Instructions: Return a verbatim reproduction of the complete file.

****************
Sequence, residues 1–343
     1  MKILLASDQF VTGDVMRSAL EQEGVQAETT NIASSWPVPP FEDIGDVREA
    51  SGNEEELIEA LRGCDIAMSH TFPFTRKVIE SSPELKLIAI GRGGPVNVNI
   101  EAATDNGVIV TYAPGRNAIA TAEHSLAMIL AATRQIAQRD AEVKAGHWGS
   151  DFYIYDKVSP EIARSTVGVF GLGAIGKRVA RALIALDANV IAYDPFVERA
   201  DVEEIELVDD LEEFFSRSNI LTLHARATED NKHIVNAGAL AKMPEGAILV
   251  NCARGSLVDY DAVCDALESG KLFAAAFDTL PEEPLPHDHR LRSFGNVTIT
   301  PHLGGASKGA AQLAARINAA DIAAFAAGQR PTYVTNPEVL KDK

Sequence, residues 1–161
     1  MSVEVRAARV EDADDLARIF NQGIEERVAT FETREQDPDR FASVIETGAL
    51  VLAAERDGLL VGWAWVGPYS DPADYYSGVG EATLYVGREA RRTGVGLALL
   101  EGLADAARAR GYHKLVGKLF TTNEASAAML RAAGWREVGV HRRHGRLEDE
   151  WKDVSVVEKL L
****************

Sequence, residues 1–343
     1  MKILLASDQF VTGDVMRSAL EQEGVQAETT NIASSWPVPP FEDIGDVREA
    51  SGNEEELIEA LRGCDIAMSH TFPFTRKVIE SSPELKLIAI GRGGPVNVNI
   101  EAATDNGVIV TYAPGRNAIA TAEHSLAMIL AATRQIAQRD AEVKAGHWGS
   151  DFYIYDKVSP EIARSTVGVF GLGAIGKRVA RALIALDANV IAYDPFVERA
   201  DVEEIELVDD LEEFFSRSNI LTLHARATED NKHIVNAGAL AKMPEGAILV
   251  NCARGSLVDY DAVCDALESG KLFAAAFDTL PEEPLPHDHR LRSFGNVTIT
   301  PHLGGASKGA AQLAARINAA DIAAFAAGQR PTYVTNPEVL KDK

Sequence, residues 1–161
     1  MSVEVRAARV EDADDLARIF NQGIEERVAT FETREQDPDR FASVIETGAL
    51  VLAAERDGLL VGWAWVGPYS DPADYYSGVG EATLYVGREA RRTGVGLALL
   101  EGLADAARAR GYHKLVGKLF TTNEASAAML RAAGWREVGV HRRHGRLEDE
   151  WKDVSVVEKL L